After raising the prices of its premium tier last year, Netflix is now raising the prices for its basic and standard plans over the coming weeks for existing members and effective immediately for new signups. The basic plan is going up by $1 to $10.99 and the standard plan increasing by $2 to $15.99.
I do find it quite strange that Netflix would increase the prices of its streaming service during a pandemic, and furthermore, at a time when Australia officially entered recession not too long ago where the economy contracted seven per cent.
I get it, Netflix is a business and has undoubtedly seen an increased demand for its services which means an increase on service resources, but I would have would thought would have been a good thing for them. The charts are also painting a great picture for Netflix.
In Q1 2020, Netflix recorded $5.76 billion in revenue. In Q2 2020 it did even better, recording $6.14 billion in revenue. Keep in mind, these are US figures and representative of the whole company, not the Australian division. I realise that Netflix invests a lot in its original content and has produced some great shows (even if they have a tendency to cancel them after two seasons).
A spokesperson had this to say about the price increases
Members tell us how much they value the breadth and variety of the catalogue, and we’re updating our prices so that we can continue to invest in more shows and films.
This pretty much confirms they’re increasing the prices to throw more money at its recently grown subscriber base. Netflix wants to retain its new subscribers before they experience catalogue fatigue and look elsewhere for content once they have watched everything good (we all eventually reach that point).
If Netflix had very little competition, I could maybe forgive the price increases, but Netflix isn’t the only player at the streaming poker table. You have Stan, Amazon Prime Video, Disney+, Apple TV, Binge, BBC Britbox is also launching soon and there have been rumours that Hulu is eyeing off Australia after the success of Disney+.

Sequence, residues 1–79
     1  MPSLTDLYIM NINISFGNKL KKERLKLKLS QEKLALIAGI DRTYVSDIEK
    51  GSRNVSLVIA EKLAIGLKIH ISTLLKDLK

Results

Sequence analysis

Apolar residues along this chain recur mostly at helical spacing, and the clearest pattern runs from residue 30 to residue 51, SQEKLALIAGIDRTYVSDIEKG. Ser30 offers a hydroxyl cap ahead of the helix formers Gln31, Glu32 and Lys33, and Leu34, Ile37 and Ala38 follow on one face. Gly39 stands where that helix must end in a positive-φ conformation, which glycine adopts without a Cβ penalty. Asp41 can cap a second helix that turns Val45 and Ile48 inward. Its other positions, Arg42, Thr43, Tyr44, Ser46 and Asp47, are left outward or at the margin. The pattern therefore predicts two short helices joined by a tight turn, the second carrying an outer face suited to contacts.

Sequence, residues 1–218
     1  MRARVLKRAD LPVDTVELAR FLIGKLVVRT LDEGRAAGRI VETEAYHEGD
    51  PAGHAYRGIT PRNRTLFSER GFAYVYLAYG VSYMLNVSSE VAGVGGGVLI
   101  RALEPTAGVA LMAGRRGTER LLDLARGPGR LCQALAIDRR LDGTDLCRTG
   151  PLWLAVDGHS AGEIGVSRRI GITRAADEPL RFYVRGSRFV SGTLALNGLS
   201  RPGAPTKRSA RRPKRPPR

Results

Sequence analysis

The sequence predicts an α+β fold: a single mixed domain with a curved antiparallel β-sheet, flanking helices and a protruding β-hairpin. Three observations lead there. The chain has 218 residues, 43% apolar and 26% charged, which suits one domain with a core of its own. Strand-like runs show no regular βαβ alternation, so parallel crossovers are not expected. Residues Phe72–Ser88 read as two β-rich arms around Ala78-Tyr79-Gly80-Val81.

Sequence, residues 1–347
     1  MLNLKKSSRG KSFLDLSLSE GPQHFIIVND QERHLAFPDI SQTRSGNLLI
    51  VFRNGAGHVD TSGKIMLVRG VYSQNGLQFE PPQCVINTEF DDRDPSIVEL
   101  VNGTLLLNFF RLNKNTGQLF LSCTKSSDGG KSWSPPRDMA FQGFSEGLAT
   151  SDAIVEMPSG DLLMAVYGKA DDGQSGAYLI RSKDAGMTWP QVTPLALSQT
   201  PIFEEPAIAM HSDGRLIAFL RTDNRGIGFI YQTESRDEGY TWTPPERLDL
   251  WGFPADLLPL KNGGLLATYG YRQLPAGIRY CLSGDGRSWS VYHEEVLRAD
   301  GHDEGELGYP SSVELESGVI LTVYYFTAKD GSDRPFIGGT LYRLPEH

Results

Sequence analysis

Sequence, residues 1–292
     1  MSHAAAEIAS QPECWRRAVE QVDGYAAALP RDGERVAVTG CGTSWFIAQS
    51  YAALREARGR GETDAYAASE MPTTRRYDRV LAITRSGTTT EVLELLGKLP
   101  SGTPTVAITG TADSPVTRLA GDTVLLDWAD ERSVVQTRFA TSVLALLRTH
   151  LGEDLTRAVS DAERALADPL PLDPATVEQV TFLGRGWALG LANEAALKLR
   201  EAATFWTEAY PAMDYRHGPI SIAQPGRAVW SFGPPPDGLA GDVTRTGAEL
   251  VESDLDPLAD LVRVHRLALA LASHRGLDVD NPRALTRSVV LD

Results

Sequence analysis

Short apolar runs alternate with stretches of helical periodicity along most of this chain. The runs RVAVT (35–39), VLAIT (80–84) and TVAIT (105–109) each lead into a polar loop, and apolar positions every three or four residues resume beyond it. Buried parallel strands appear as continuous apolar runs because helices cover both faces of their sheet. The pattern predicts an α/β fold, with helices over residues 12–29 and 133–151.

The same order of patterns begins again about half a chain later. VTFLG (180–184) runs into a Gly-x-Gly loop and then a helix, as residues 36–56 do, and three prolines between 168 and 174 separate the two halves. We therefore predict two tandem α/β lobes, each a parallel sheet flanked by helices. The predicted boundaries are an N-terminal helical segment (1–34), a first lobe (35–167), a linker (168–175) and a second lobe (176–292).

As a Netflix premium subscriber, I took last years price increase on the chin. We have enough consumers of Netflix in our household that the multiple streams are worth paying for (my wife and I, as well as two kids with different tastes) the fights over what to watch with premium are worth paying for alone.
The timing for a price increase could not be any worse. Despite the widespread unemployment, recession and ongoing pandemic with on/off lockdowns between the states, Netflix is also fighting a war after the PR disaster that is the movie Cuties which has been accused of being paedophilia, resulting in cancel Netflix to trend online.
But, at the end of the day, does it really matter? The increase is at most $2 per month and people spend more on a cup of single coffee here in Australia (unless you’re getting a 711 coffee). Not to mention, you do not need to have Netflix, you’re not locked into a contract and can cancel at anytime.
Whether you realise it or not, never forget that as a consumer, Netflix is at your mercy and you can vote with your wallet if you do not like the price increase or how they handle bad PR. A lot of people these days cancel and resume their Netflix subscriptions on a regular basis as content comes and goes (new Stranger Things season and so forth).
If money is a little tight, I highly recommend Amazon Prime Video, which is one of the cheapest streaming services in Australia at around $6 per month and has some serious great original content.